Tuesday, June 14

Hacker group to attack M'sian Govt portal

PETALING JAYA: A hacker group has threatened to attack thewww.malaysia.gov.my website.
The group, which calls itself Anonymous, said it will launch the attack at 7.30pm GMT on Wednesday (3.30am Thursday Malaysian time) and has named it “Operation Malaysia.”
It posted the threat in a graphic on this website,http://i.imgur.com/PTFWh.png.
Mikko Hypponen, chief research officer at the F-Secure Corporation - a computer security software company based in Helsinki, Finland - tweeted about the threat at 4.42am Malaysian time.
No other details were available at this time. It is also not known why Anonymous has targeted the Malaysian website.
Hacker group Anonymous threatens to attack Malaysian Government website.
But there has been an uptick in “hacktivism” these past weeks, where hacker groups have targeted various organisations for political purposes.
Hackers have attacked the International Monetary Fund and Sony PlayStation Network, as well as the networks of aeronautics companyLockheed Martin Corp and Citibank in North America, amongst others.
Anonymous was blamed for the hack into the PlayStation network but a spokesman for the group has denied involvement, saying that its aims are political. Spain, however, has arrested three suspected members of the hacker group for that attack.
Anonymous apparently comprises a vast number of hackers in various countries, who have been organised into cells that share common goals. They operate anonymously but in a co-ordinated fashion.
More details to follow.
Meanwhile the AP reported from New York that a group of hackers has gained access to the websites of the U.S. Senate and video game company Bethesda Softworks, the latest in a series of cyberattacks plaguing a broad range of online victims.
The group, which calls itself Lulz Security, posted what it called a "small, just-for-kicks release of some internal data" from Senate.gov on its website on Monday.
Likely referencing reports that the Pentagon is considering whether a cyberattack could be considered an act of war, the group also wrote "is this an act of war, gentlemen? Problem?"
File - In this May 15, 2011 file photo people wearing masks often used by a group that calls itself "Anonymous" take part in a rally in Madrid. Spanish police arrested three suspected computer hackers that allegedly belonged to a loose-knit international activist group that has attacked corporate and government websites around the world, authorities said Friday June 10, 2011. A National Police statement identified the three detainees as leaders of the Spanish section of a group that calls itself "Anonymous." - AP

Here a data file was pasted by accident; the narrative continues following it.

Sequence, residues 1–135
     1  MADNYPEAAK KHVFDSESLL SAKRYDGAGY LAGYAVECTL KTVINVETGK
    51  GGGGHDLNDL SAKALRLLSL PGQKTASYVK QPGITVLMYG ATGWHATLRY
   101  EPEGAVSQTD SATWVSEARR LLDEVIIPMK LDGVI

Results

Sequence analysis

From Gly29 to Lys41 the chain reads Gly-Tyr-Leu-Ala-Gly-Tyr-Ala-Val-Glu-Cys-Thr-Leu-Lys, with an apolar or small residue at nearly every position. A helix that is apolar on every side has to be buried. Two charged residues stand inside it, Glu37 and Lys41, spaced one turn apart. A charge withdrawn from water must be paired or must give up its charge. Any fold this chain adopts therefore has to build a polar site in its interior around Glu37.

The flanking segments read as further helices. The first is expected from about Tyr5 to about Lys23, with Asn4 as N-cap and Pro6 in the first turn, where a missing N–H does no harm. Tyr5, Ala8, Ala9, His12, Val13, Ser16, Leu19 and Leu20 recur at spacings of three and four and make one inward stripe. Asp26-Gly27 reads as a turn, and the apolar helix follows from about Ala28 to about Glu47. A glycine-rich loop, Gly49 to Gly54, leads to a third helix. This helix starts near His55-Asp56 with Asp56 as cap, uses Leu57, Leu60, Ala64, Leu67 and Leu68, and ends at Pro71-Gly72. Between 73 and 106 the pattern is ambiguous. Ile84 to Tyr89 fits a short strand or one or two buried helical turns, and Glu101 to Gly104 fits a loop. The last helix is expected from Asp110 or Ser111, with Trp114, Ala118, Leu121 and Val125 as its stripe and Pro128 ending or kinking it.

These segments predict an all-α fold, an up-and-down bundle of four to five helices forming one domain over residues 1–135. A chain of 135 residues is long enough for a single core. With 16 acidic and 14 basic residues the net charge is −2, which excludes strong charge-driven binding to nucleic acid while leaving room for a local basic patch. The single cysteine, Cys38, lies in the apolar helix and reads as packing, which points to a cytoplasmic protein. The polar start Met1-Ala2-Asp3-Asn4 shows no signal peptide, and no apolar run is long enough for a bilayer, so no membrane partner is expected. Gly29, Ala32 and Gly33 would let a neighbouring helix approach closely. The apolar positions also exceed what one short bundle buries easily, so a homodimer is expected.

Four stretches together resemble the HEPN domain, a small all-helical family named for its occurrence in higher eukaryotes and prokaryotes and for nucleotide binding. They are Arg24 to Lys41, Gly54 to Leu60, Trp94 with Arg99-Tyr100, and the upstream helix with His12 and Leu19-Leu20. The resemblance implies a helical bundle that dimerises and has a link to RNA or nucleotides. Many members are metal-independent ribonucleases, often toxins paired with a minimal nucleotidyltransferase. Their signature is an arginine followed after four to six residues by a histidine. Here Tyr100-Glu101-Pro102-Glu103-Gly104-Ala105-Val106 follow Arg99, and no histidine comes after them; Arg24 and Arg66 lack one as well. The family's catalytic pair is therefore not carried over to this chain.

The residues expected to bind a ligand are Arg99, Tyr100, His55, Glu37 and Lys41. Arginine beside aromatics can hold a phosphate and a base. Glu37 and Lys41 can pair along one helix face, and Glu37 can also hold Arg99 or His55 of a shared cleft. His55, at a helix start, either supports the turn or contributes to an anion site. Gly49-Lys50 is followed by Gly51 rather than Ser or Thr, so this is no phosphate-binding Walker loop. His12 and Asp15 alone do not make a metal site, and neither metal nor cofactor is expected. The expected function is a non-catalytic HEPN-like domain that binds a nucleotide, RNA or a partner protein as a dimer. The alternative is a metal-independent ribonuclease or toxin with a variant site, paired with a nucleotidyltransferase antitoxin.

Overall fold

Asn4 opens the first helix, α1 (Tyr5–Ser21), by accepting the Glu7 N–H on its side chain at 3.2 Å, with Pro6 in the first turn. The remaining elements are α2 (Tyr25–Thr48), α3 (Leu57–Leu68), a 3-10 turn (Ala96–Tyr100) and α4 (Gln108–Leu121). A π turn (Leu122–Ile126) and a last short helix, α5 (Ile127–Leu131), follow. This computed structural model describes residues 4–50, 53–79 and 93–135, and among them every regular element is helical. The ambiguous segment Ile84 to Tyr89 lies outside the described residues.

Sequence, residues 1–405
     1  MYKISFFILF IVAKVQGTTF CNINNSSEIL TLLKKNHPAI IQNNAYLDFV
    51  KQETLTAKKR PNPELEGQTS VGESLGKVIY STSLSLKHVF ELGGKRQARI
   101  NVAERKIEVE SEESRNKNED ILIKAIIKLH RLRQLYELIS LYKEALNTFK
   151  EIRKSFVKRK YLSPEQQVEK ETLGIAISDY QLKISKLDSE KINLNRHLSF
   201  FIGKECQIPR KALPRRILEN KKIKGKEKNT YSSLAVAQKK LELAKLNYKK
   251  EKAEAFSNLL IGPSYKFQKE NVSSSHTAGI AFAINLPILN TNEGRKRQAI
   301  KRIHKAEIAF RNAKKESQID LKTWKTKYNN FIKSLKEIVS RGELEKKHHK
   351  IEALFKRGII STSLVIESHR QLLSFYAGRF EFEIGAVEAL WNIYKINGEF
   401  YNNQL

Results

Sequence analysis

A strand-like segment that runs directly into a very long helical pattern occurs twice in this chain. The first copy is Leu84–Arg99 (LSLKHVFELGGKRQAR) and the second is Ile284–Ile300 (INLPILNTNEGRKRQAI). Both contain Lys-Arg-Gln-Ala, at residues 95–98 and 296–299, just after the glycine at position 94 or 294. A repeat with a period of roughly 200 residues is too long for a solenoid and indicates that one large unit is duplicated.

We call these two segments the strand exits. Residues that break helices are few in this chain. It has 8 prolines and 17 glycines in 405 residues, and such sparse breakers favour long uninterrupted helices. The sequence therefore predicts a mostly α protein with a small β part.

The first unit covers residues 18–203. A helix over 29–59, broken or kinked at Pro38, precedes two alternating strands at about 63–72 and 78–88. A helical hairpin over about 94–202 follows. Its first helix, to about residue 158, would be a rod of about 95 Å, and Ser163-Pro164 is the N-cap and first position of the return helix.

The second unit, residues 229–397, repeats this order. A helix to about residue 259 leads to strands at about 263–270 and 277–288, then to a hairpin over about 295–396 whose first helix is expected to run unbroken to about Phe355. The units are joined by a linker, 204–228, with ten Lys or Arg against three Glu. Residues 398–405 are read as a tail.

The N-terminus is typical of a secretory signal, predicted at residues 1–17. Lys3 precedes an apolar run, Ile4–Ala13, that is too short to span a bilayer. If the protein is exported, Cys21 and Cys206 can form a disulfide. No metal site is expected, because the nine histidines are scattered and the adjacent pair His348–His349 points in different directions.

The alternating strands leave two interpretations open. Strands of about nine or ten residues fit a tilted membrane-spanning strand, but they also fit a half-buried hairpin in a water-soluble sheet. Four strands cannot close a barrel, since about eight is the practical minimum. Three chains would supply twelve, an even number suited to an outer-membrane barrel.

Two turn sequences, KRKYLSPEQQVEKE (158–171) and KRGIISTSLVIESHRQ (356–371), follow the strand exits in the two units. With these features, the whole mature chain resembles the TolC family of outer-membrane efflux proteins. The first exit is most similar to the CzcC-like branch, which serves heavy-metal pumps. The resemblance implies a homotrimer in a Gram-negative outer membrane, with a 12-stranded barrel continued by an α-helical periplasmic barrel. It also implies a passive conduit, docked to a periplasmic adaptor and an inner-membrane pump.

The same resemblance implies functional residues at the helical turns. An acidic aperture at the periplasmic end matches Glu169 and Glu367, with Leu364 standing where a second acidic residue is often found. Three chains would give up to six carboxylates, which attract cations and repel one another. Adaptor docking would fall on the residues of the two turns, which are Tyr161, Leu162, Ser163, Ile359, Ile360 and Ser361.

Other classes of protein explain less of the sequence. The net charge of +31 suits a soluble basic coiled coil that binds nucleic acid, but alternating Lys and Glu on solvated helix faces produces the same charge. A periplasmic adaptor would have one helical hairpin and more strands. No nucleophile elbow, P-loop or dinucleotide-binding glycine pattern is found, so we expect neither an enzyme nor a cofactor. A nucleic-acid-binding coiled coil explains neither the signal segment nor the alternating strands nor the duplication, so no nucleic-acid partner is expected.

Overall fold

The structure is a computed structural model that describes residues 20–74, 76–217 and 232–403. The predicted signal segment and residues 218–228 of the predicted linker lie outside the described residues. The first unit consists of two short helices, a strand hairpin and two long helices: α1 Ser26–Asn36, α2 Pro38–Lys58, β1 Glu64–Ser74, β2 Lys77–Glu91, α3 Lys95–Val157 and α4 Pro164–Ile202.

A representative from the office of the Senate sergeant-at-arms did not immediately return a phone message for comment Monday afternoon.
Bethesda acknowledged the intrusion in a blog post Monday, saying hackers may have gained access to users' names, email addresses and passwords. The company said no credit card data or other financial information were compromised.
Josh Shaul, chief technology officer at database security software makerApplication Security Inc., said the data Lulz posted is "verifiable proof" that it was able to gain access to and take control of the Senate's website.
"It's a very skilled group," he said. "They claimed it was easy."
Lulz Security has also recently claimed responsibility for breaking into the websites of PBS, Sony Pictures, Nintendo and others. Meanwhile, it's unclear who was responsible for a recent cyberattack on the International Monetary Fund's computer system or the one on Citibank that stole about 200,000 credit card account numbers, customer names and email addresses.
Shaul said the recent string of attacks take advantage of insecure systems. While companies are protecting the perimeter of their computer systems, once hackers get in, "everything is there to own," he said. It's the equivalent of a bank putting a guard at the door and leaving all the money in a pile instead of in safes and vaults, he added.
"We've created this situation where it's so easy for a skilled attacker to break in and get data," Shaul said. "They are doing it because they can."
Bethesda declined to comment beyond its blog post and did not say how many users were affected.
In Twitter messages, Lulz (Internet-speak for laughs) said it has had information on more than 200,000 users "for weeks" and broke into Bethesda's website more than two months ago. Bethesda, meanwhile, said that a hacker group "attempted an unlawful intrusion" over the weekend.
Lulz said on its website Monday it is not releasing information it has on the 200,000-plus users.
Bethesda, behind games such as "Brink" and "Fallout: New Vegas," is a subsidiary of ZeniMax Media Inc., based in Washington, D.C.


SPEK HITAM June 14, 2011 at 11:23 AM

hello, see this LINK, really scare ME, huhuhu
Operation Malaysia

Manusia Biasa June 14, 2011 at 11:34 AM

thx.. dh tgk ^_^ lme dh..

DarkEvil June 15, 2011 at 4:11 PM

did you know? those people that call their self a hacker are a bunch of idiots people. they were no hacker at all.
if they were a hacker they should be know we don’t even care if our gov block those site. cause we still can enter it anyway. we are the hacker, we Malaysian people are advance hacker. we not like a bunch of stupid people called their self a hacker then cry when gov blocking those site. did you see any protest happen in Malaysia when they blocking when they block those site? nil ? we don’t care..

Only a bunch of stupid ppl don’t know how to bypass it…but they will know how to bypass it soon.

and some of malaysian ppl called their self a hacker group but they protest it, you better go to school and learn it fool. what a shame to malaysian ppl.

don’t be the one that called them self a hero that safe OH! Media Fan Page. cause hes the one that hack and used other country named. to make provocation between 2 country. so stupid.